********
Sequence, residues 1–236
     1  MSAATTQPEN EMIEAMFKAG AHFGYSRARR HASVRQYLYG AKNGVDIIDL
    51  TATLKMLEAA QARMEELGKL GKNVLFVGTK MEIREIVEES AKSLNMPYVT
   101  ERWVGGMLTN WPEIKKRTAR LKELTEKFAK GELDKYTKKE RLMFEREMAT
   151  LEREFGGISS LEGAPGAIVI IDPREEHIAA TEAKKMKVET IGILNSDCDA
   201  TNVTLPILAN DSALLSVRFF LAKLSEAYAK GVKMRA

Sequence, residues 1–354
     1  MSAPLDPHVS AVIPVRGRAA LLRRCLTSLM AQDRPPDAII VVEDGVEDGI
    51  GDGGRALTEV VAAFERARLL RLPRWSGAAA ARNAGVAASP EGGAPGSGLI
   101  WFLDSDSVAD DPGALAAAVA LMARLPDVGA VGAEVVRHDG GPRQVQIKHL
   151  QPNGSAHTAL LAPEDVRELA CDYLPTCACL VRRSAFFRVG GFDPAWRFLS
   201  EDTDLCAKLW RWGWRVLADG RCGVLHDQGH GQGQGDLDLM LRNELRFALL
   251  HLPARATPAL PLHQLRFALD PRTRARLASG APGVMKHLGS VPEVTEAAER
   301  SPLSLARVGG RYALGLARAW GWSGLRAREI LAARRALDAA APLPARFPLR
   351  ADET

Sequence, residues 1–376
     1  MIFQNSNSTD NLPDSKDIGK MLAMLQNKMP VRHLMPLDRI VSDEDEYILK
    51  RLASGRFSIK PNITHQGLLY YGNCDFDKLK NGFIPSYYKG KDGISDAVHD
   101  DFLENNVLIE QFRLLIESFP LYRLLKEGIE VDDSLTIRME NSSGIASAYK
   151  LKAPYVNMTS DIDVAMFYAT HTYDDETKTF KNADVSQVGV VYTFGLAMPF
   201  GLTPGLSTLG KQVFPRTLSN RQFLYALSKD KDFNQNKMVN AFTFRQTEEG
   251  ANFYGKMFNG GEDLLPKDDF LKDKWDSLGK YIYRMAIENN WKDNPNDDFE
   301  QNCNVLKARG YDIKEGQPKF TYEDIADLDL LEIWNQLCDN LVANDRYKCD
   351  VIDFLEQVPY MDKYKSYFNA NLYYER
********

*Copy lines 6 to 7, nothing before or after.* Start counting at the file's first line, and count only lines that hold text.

   201  TNVTLPILAN DSALLSVRFF LAKLSEAYAK GVKMRA

Sequence, residues 1–354